A good example would be Elon Musk, CEO of SpaceX and Tesla Motors. He has revolutionized entire industries with his focus on challenging the status quo.
- Encourages team members to think creatively and proactively, producing ideas that others had not seen before
- Forward-looking and future-focused mindset, building trust and commitment to foster innovative thinking
- Inspires people who want to move forward
- Vision is linked to the leader rather than the company itself
- Heavy focus on the long-term vision may sometimes impact short term goals
- Fixation on the leader’s vision may cause the team to lose sight of creative and innovative ideas from others
Consultative leadership style
Consultative leaders assume their team is capable and has the knowledge needed to excel at their jobs.
While the leader has the authority to make the final decision, they prefer to listen to the viewpoints of every member of their team before acting. They ask their people for thoughts, views, and opinions, allowing them to feel involved. However, the leader will ultimately make the final decision. Communication flows in both directions, but the way things are done is tightly controlled by management.
An example of the consultative management style is Ray Dalio, founder of Bridgewater Associates. Ray Dalio values independent thinking and encourages every employee in the company, no matter how new or junior, to put forward new ideas and suggestions.
- Team members are more engaged as they are consulted and feel respected
- Quality of decisions can be better as it involves input from many team members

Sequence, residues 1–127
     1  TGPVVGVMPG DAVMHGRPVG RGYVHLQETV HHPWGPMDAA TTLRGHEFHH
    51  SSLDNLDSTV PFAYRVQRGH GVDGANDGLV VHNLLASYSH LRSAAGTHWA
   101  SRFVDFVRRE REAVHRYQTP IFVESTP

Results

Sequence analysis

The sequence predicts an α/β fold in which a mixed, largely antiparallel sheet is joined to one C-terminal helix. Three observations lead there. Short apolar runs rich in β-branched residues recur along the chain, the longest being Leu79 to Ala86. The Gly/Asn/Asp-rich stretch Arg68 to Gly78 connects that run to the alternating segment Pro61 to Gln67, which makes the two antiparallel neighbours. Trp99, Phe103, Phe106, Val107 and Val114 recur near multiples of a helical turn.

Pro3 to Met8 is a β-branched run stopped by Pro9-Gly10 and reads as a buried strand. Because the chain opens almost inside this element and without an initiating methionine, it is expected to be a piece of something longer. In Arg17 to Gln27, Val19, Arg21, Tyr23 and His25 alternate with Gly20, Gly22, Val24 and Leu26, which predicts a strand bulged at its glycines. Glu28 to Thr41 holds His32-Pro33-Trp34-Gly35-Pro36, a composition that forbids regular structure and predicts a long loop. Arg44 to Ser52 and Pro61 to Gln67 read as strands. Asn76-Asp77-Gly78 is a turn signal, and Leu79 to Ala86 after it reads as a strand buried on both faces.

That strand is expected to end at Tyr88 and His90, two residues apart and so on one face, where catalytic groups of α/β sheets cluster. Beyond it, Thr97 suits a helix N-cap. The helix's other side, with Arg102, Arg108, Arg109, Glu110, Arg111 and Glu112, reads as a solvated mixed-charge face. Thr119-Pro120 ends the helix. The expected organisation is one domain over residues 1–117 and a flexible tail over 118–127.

- Different creative ideas may be generated during the consultative process as people’s feel safe to voice their opinions
- Time-consuming as it involves many rounds of meetings. This is less effective for urgent tasks
- Manages conflicting opinions and results in some people being unhappy with final decisions
- Slow in decision making as it is sometimes difficult to arrive at a consensus
Participative leadership style
Participative leaders normally involve their entire team. They encourage the team to participate in decision-making, consulting, and will involve them in the formulation of plans and policies.
This is sometimes called democratic leadership, as it decentralizes authority.
When conducting meetings, a leader acts more like a facilitator and lets employees open up and do the talking. The leader works closely with team members, focusing on building relationships and rapport.
An example is Richard Branson, the CEO of the Virgin group. He has a highly interactive style of leadership where his employees are motivated and empowered to reach the goals of the organization.
- Improves motivation and morale
- Performance improves due to greater ownership for all team members
- Better staff engagement with reduced grievances and employee turnover
- Can be indecisive, with it taking too long to reach a decision
- Social pressure to conform with groupthink
- Inefficient and low productivity
Pacesetting management style
The pacesetting leader sets high or hard-to-reach standards to drive their team to achieve new goals. This leader sets the bar high for themselves and others on the team alike.
They will provide instructions and set up the pace, then expect employees to follow in their footsteps. They don't trust others to do as good a job, and they will take over when things don't move as quickly.
Jack Welch, the former CEO of General Electric (GE), is a good example of a pacesetter. If a company or division at GE was not first or second in the industry, he would sell or close it down. He wanted to keep building winning teams. He stretched his team and removed the bottom 10% of each business units’ employees every year.